78. ^ "Iraq: ICRC activities, April to July 2007". International Committee of the Red Cross Press Release. 4 October 2007. Retrieved 4 October 2007.
  79. ^ "Prison camp in Iraq once listed to close now sees major upgrades". Stars and Stripes. 31 October 2007. Archived from the original on 12 February 2012. Retrieved 31 October 2007.
  80. ^ Ben Fenwick (27 February 2008). "45th faces insurgent attacks". Tulsa World. Retrieved 27 February 2008.
  81. ^ "U.S. Navy: 6 sailors accused of abusing detainees in Iraq". USA Today. Associated Press. 14 August 2008. Retrieved 14 August 2008.
  82. ^ Chris Amos (5 September 2008). "Hearing postponed for chief accused of abuse". Navy Times. Retrieved 7 September 2008.
  83. ^ Jared Halpern (14 November 2008). "Sailor Admits Assaulting Detainee in Iraq". WOKV. Archived from the original on 3 January 2010. Retrieved 16 November 2008.
  84. ^ Andrew Tilghman (14 November 2008). "Hearing ends in detainee abuse case". Navy Times. Retrieved 16 November 2008.
  85. ^ American Forces Press Service (17 September 2009). "Camp Bucca Detention Center Closes in Iraq". U.S. Department of Defense. Retrieved 3 September 2019.
  86. ^ "Excerpts From Prison Inquiry". Los Angeles Times. 3 May 2004. Retrieved 2 June 2021.
  87. ^ a b "Report of the International Committee of the Red Cross (ICRC) on the Treatment by the Coalition Forces of Prisoners of War and Other Protected Persons by the Geneva Conventions in Iraq During Arrest, Internment and Interrogation". 22 March 2021. Archived from the original on 22 March 2021. Retrieved 2 June 2021.
  89. ^ a b Spinner, Jackie (11 June 2004). "Remote Facility in Iraq Shows New Face of U.S. Prison System". Washington Post. ISSN 0190-8286. Retrieved 2 June 2021.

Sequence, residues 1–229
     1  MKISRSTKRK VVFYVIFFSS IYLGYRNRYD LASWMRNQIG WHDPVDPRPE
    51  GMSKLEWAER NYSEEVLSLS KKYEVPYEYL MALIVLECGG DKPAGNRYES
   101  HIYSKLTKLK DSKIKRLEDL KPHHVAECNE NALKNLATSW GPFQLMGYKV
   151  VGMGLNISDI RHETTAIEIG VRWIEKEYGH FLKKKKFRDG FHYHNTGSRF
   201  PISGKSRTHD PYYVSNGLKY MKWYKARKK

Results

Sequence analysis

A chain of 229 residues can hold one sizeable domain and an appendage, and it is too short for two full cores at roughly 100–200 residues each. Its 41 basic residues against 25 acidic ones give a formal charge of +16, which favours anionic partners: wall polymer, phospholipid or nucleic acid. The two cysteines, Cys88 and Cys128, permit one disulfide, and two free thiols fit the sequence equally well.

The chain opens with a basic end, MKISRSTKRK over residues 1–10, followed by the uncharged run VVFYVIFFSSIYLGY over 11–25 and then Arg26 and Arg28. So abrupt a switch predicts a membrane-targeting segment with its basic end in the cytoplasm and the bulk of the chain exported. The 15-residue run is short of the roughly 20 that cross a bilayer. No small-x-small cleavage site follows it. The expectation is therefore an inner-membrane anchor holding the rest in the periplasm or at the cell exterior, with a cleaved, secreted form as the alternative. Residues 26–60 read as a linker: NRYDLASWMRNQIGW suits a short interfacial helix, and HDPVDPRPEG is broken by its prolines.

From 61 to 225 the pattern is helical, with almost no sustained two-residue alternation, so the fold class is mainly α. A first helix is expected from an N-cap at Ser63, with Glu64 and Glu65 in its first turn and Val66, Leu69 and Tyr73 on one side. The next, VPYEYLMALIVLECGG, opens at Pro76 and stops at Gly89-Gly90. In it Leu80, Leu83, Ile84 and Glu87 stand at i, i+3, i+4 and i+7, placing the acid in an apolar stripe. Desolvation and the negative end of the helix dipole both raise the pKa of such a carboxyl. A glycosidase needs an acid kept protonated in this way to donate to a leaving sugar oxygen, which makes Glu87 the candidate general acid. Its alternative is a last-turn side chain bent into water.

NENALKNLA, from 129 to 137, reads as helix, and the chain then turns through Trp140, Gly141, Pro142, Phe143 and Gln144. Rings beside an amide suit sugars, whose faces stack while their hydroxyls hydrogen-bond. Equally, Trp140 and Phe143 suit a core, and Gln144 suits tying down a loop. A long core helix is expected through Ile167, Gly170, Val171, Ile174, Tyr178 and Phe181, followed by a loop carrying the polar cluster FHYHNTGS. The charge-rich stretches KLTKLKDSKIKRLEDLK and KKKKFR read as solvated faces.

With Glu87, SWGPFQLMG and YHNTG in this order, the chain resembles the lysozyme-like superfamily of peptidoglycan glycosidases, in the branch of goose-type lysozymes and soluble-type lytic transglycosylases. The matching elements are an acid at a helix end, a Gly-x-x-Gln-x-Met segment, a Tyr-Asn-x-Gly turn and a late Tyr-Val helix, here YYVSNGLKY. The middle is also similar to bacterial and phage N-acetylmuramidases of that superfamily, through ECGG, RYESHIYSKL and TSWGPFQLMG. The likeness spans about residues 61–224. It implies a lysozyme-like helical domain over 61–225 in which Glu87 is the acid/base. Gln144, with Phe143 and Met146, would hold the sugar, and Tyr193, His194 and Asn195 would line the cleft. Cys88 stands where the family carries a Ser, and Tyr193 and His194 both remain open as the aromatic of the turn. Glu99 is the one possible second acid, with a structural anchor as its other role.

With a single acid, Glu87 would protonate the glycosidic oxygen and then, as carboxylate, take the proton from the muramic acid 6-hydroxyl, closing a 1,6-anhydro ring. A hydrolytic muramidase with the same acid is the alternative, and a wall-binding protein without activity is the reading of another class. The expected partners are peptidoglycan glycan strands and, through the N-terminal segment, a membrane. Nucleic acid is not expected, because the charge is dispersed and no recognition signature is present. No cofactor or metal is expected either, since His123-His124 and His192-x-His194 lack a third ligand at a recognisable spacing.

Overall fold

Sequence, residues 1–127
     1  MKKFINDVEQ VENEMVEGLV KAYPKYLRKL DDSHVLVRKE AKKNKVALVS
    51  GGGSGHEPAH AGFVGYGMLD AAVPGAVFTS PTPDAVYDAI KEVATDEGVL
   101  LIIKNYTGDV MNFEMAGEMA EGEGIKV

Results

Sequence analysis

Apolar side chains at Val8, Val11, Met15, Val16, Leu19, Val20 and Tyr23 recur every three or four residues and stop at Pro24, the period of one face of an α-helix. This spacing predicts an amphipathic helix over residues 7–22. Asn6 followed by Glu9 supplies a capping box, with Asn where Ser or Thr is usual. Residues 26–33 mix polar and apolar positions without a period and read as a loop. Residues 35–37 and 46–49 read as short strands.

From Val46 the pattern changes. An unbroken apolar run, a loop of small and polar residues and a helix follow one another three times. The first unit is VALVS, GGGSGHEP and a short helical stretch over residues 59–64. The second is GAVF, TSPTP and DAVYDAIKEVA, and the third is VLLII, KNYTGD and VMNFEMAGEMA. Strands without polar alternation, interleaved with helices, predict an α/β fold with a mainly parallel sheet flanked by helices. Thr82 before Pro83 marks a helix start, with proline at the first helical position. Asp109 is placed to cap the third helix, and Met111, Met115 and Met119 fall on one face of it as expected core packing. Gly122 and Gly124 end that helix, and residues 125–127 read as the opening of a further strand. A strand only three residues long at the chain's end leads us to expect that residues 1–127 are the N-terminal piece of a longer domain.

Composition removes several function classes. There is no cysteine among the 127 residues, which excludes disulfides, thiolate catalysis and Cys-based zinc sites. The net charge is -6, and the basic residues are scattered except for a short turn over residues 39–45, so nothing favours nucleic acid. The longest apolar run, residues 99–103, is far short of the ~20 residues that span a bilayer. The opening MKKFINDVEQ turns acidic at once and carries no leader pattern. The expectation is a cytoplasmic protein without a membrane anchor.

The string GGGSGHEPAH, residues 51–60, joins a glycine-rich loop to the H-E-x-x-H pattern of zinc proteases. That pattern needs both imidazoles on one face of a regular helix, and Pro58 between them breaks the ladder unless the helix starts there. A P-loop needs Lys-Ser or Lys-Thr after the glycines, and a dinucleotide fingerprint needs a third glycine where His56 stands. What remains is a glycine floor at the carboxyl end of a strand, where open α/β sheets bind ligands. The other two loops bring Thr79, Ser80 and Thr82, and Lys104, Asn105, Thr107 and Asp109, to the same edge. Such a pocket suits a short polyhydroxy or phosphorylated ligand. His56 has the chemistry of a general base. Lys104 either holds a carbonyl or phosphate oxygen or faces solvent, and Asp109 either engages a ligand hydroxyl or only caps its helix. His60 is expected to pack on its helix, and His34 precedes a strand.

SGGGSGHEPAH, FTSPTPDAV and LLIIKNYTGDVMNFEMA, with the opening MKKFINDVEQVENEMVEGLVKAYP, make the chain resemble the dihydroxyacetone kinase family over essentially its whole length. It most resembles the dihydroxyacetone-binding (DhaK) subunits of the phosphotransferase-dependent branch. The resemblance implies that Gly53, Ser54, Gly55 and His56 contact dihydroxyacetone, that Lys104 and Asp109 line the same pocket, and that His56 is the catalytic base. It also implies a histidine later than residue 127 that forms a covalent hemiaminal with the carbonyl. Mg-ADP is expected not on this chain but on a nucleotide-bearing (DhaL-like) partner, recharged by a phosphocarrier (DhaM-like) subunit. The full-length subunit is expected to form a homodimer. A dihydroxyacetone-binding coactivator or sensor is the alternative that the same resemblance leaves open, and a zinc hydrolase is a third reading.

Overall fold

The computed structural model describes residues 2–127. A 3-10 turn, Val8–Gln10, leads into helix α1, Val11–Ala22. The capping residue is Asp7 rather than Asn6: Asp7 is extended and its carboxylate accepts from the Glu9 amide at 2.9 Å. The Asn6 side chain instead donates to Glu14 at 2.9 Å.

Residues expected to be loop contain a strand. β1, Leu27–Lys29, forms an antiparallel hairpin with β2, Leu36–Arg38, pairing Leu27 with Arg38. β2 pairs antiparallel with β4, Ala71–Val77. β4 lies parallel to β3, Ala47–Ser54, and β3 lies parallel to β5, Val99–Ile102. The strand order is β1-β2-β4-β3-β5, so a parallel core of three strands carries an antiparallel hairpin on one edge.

90. ^ a b "Taguba report Annex 35: Article 32 Findings on Abuse of Detainees at Camp Bucca, IO Report". Retrieved 2 June 2021.
  91. ^ a b Graff, Peter (14 August 2008). "U.S. Navy charges Iraq camp guards with abuse". Reuters. Retrieved 2 June 2021.
  92. ^ a b " International News: Early accounts of extensive Iraq abuse met U.S. silence (05/09/04)". 1 July 2013. Archived from the original on 1 July 2013. Retrieved 2 June 2021.
  93. ^ "Red Cross saw 'widespread abuse'". 8 May 2004. Retrieved 2 June 2021.
  94. ^ a b "Beyond Abu Ghraib: detention and torture in Iraq." Amnesty International, March 2006.
  95. ^ a b c "U.S. resident who was detained in Iraq alleges abuse". McClatchy. 24 May 2007.
  96. ^ McCoy, Terrence (4 November 2014). "How the Islamic State evolved in an American prison". The Washington Post. Retrieved 5 November 2014.
  97. ^ a b Richard Barrett (November 2014). "The Islamic State" (PDF). The Soufan Group. Archived from the original (PDF) on 13 July 2015. Retrieved 12 December 2014. The alliance between members of AQI and ex-Ba'athist was also strengthened by many of them finding themselves thrown together in United States detention centers in Iraq such as Camp Bucca.
  98. ^ Martin Chulov (11 December 2014). "Isis: the inside story". The Guardian. Retrieved 11 December 2014. We could never have all got together like this in Baghdad, or anywhere else", he told me. "It would have been impossibly dangerous. Here, we were not only safe, but we were only a few hundred metres away from the entire al-Qaida leadership
  99. ^ "Elusive Al-Qaeda leader in Syria stays in shadows". The Times of Israel. 4 November 2013. Retrieved 15 June 2015.

External links[edit]